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Insect Biochem Mol Biol. 2015 Jul;62:23-37. doi: 10.1016/j.ibmb.2015.01.015. Epub 2015 Feb 3.

A genome-wide analysis of antimicrobial effector genes and their transcription patterns in Manduca sexta.

Author information

1
Department of Entomology and Plant Pathology, Oklahoma State University, Stillwater, OK 74078, USA.
2
Department of Entomology and Plant Pathology, Oklahoma State University, Stillwater, OK 74078, USA; Institute of Biological Sciences, Donghua University, Songjiang, Shanghai 310029, China.
3
Boyce Thompson Institute, Cornell University, Ithaca, NY 14853, USA.
4
Department of Biochemistry and Molecular Biophysics, Kansas State University, Manhattan, KS 66506, USA.
5
Department of Entomology and Plant Pathology, Oklahoma State University, Stillwater, OK 74078, USA. Electronic address: haobo.jiang@okstate.edu.

Abstract

Antimicrobial proteins/peptides (AMPs) are effectors of innate immune systems against pathogen infection in multicellular organisms. Over half of the AMPs reported so far come from insects, and these effectors act in concert to suppress or kill bacteria, fungi, viruses, and parasites. In this work, we have identified 86 AMP genes in the Manduca sexta genome, most of which seem likely to be functional. They encode 15 cecropins, 6 moricins, 6 defensins, 3 gallerimycins, 4 X-tox splicing variants, 14 diapausins, 15 whey acidic protein homologs, 11 attacins, 1 gloverin, 4 lebocins, 6 lysozyme-related proteins, and 4 transferrins. Some of these genes (e.g. attacins, cecropins) constitute large clusters, likely arising after rounds of gene duplication. We compared the amino acid sequences of M. sexta AMPs with their homologs in other insects to reveal conserved structural features and phylogenetic relationships. Expression data showed that many of them are synthesized in fat body and midgut during the larval-pupal molt. Certain genes contain one or more predicted κB binding sites and other regulatory elements in their promoter regions, which may account for the dramatic mRNA level increases in fat body and hemocytes after an immune challenge. Consistent with these strong mRNA increases, many AMPs become highly abundant in the larval plasma at 24 h after the challenge, as demonstrated in our previous peptidomic study. Taken together, these data suggest the existence of a large repertoire of AMPs in M. sexta, whose expression is up-regulated via immune signaling pathways to fight off invading pathogens in a coordinated manner.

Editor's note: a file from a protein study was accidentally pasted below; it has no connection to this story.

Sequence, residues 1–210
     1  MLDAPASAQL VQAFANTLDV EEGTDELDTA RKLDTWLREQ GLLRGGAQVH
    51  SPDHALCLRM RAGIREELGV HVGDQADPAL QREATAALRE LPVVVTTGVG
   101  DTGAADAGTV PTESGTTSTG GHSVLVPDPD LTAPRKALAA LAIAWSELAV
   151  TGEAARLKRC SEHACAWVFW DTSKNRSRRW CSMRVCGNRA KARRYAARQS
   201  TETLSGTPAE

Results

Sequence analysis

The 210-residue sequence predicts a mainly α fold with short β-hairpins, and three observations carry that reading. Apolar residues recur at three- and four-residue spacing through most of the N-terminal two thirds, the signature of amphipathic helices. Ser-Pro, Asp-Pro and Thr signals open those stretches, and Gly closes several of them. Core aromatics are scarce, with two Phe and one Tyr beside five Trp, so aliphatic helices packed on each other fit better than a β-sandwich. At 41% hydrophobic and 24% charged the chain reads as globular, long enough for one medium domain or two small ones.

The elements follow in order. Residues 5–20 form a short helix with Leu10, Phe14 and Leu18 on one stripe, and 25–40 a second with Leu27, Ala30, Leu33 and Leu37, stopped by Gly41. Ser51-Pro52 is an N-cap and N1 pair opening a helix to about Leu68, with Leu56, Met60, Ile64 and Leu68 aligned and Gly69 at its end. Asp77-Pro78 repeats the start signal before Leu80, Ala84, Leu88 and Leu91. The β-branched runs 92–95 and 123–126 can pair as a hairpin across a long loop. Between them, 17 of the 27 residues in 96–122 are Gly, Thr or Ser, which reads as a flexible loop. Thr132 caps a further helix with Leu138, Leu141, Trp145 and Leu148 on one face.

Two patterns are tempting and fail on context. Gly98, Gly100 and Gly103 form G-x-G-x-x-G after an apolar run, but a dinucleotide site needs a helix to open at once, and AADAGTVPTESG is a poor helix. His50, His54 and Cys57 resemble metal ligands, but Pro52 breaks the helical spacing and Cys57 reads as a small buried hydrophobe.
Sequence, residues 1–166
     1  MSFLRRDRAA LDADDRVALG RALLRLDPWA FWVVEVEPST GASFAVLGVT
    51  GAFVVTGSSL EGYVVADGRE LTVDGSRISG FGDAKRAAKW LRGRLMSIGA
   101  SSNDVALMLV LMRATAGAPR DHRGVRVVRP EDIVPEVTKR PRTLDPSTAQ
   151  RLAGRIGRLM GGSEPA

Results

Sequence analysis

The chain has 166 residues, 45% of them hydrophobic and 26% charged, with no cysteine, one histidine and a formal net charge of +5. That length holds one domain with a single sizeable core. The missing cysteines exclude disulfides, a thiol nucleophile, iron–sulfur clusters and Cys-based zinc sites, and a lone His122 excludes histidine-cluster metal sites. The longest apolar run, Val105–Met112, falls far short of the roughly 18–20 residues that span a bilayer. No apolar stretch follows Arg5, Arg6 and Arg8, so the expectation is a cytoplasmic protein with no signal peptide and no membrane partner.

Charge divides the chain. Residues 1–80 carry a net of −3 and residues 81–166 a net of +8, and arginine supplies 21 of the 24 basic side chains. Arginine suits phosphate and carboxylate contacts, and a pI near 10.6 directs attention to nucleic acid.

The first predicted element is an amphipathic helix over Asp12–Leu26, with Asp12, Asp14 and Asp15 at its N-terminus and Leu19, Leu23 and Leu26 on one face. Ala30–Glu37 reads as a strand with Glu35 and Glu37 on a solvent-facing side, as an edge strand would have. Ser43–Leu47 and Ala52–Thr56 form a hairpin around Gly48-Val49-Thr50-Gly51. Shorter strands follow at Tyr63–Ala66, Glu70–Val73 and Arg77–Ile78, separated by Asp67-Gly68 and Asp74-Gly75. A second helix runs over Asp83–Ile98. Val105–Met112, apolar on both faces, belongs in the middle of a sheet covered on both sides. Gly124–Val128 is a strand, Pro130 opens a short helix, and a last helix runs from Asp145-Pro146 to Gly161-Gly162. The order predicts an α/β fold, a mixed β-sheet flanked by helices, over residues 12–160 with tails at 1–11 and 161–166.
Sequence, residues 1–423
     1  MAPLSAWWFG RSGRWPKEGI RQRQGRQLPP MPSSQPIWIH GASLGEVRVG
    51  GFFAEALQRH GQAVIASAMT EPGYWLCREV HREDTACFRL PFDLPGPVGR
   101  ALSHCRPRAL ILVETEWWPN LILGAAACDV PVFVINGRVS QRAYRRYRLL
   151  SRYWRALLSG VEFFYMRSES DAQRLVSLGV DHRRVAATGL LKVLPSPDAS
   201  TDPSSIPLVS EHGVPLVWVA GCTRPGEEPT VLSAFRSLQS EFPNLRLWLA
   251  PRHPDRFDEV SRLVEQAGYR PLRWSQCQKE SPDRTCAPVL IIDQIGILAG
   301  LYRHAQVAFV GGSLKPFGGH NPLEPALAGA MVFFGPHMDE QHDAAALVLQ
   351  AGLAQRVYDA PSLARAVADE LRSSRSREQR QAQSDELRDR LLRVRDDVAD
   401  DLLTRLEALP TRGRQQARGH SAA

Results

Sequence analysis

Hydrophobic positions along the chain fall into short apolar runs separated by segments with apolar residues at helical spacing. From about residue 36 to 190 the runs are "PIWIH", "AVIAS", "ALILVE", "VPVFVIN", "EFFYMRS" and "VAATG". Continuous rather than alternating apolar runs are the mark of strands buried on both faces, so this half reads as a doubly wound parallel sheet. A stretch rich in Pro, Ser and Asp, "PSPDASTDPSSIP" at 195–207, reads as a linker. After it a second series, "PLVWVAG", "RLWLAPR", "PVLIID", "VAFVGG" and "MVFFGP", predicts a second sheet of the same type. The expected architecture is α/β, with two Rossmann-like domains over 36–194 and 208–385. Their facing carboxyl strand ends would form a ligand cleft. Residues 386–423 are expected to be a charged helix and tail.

KEYWORDS:

Comparative genomics; Hemolymph proteins; Insect immunity; Phylogenetic relationship; RNA-Seq; Tobacco hornworm

PMID:
25662101
PMCID:
PMC4476920
DOI:
10.1016/j.ibmb.2015.01.015
[Indexed for MEDLINE]
Free PMC Article

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